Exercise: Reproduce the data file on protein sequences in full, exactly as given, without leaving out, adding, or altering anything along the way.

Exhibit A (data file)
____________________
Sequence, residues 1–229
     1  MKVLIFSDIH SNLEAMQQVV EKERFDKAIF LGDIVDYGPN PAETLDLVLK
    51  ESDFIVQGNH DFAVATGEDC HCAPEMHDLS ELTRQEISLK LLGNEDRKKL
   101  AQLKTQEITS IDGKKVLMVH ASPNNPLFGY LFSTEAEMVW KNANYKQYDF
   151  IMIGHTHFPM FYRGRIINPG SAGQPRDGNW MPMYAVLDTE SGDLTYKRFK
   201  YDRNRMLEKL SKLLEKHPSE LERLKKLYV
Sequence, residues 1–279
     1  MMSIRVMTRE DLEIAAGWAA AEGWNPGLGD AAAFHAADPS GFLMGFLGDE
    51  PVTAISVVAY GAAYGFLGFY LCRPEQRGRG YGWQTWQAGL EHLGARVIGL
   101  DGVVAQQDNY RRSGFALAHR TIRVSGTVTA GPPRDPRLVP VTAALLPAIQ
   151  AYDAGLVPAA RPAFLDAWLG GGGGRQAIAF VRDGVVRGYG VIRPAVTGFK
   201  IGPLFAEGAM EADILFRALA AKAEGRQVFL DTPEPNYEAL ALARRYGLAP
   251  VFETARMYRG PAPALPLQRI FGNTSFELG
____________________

Sequence, residues 1–229
     1  MKVLIFSDIH SNLEAMQQVV EKERFDKAIF LGDIVDYGPN PAETLDLVLK
    51  ESDFIVQGNH DFAVATGEDC HCAPEMHDLS ELTRQEISLK LLGNEDRKKL
   101  AQLKTQEITS IDGKKVLMVH ASPNNPLFGY LFSTEAEMVW KNANYKQYDF
   151  IMIGHTHFPM FYRGRIINPG SAGQPRDGNW MPMYAVLDTE SGDLTYKRFK
   201  YDRNRMLEKL SKLLEKHPSE LERLKKLYV
Sequence, residues 1–279
     1  MMSIRVMTRE DLEIAAGWAA AEGWNPGLGD AAAFHAADPS GFLMGFLGDE
    51  PVTAISVVAY GAAYGFLGFY LCRPEQRGRG YGWQTWQAGL EHLGARVIGL
   101  DGVVAQQDNY RRSGFALAHR TIRVSGTVTA GPPRDPRLVP VTAALLPAIQ
   151  AYDAGLVPAA RPAFLDAWLG GGGGRQAIAF VRDGVVRGYG VIRPAVTGFK
   201  IGPLFAEGAM EADILFRALA AKAEGRQVFL DTPEPNYEAL ALARRYGLAP
   251  VFETARMYRG PAPALPLQRI FGNTSFELG